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God put me on that dock, says NI nurse who tended to survivors of boat tragedy


Sheila Simpson, who helped in the rescue effort

Sheila Simpson, who helped in the rescue effort


The bow of the Leviathan II off Vancouver Island yesterday

The bow of the Leviathan II off Vancouver Island yesterday



Sheila Simpson, who helped in the rescue effort

God put me on that dock, said a hero nurse from Northern Ireland who helped survivors of Canada's whale-watching boat tragedy.

Sheila Simpson said she was grateful for her nurse training when she found herself looking after some of those involved in the shocking incident off the west coast of Canada. Five Britons died in the maritime tragedy on Sunday - and an Australian man remains on the missing list.

All were on board the Leviathan II, which capsized off Tofino, Vancouver Island in British Columbia as they cruised in search of surfacing whales.

The boat is thought to have capsized after being hit by a wave.

It is believed that many of the whale-watchers were grouped together on one side of the boat - which it is reported may have made the vessel unstable.

Speaking to reporters yesterday, Ms Simpson said: "God put me there on the dock - and thank God for my training in Omagh and in the Royal in Belfast.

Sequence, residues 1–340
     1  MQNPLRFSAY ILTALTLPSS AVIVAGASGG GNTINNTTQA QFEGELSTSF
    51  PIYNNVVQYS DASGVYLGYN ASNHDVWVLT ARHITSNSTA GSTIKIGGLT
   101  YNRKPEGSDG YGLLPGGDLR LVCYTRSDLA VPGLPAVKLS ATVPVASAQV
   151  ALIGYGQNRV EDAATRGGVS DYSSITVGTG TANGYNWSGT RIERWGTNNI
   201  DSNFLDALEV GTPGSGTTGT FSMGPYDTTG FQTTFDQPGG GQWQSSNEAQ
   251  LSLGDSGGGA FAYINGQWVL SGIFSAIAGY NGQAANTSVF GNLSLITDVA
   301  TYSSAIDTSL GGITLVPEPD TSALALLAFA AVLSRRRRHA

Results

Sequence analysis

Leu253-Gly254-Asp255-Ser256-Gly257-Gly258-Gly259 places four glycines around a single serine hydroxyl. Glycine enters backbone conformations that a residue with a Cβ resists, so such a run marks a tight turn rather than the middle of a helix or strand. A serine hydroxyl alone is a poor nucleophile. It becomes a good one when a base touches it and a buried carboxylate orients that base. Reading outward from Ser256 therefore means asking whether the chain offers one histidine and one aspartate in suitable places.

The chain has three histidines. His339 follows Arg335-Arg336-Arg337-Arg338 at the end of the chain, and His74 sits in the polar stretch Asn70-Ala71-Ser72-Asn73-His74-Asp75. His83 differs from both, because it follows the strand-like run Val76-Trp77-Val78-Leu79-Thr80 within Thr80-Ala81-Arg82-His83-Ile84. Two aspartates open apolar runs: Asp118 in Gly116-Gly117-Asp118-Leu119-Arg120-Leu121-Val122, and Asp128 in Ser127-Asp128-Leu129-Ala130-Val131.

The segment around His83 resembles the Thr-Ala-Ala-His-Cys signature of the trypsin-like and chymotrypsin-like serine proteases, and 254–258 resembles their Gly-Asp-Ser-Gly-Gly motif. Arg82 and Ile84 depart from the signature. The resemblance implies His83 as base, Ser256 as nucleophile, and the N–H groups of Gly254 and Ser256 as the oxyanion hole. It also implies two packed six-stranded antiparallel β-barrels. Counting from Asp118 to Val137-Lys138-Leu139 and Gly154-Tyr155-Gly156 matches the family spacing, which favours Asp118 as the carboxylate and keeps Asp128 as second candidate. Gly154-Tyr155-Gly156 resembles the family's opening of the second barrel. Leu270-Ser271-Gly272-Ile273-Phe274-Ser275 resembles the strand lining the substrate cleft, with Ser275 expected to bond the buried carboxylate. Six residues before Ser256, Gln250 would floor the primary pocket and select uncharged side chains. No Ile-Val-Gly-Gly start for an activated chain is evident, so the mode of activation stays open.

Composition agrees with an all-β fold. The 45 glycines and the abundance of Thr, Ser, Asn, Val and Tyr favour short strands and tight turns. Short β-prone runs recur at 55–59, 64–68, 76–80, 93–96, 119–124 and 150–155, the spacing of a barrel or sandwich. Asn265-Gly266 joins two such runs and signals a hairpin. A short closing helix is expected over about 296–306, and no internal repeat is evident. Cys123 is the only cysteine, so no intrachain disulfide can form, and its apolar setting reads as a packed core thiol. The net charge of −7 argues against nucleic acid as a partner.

"I just stepped into the place where I could be of assistance. The survivors who could walk up off the deck were shell-shocked - and I looked them in the eye and I put my hand to their back and I said, 'You are alive, you have survived'."

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The former nurse also served time in a Canadian jail - being convicted for her part in a protest fighting to defend Clayoquot Sound - a virgin forest - from devastation by commercial logging firms.

She served a six-month sentence, plus another six months wearing a monitoring tag, according to her close friend Jane Woodbury.

Sheila, who is originally from Strabane but now lives on Denman Island - a small island on the landward side of Vancouver Island - staged a solo 200-mile 'Peace is Possible' march in Northern Ireland in 1990

"I am not full of airy-fairy ideas - but I am prepared to get out and do something," Sheila told the Belfast Telegraph as she began her peace march in 1990.

The former nurse sold her motorcycle in order to fund her peace march, which was "organised on a wing and a prayer", she said.

The march plan came to her after she took a degree in Peace Studies at Malispina University on Vancouver Island. Since moving to Canada, Sheila has become deeply involved in environmental activism and has written poetry.

Her friend Jane Woodbury said last night: "Sheila is a very remarkable woman - she makes me want to be Irish."

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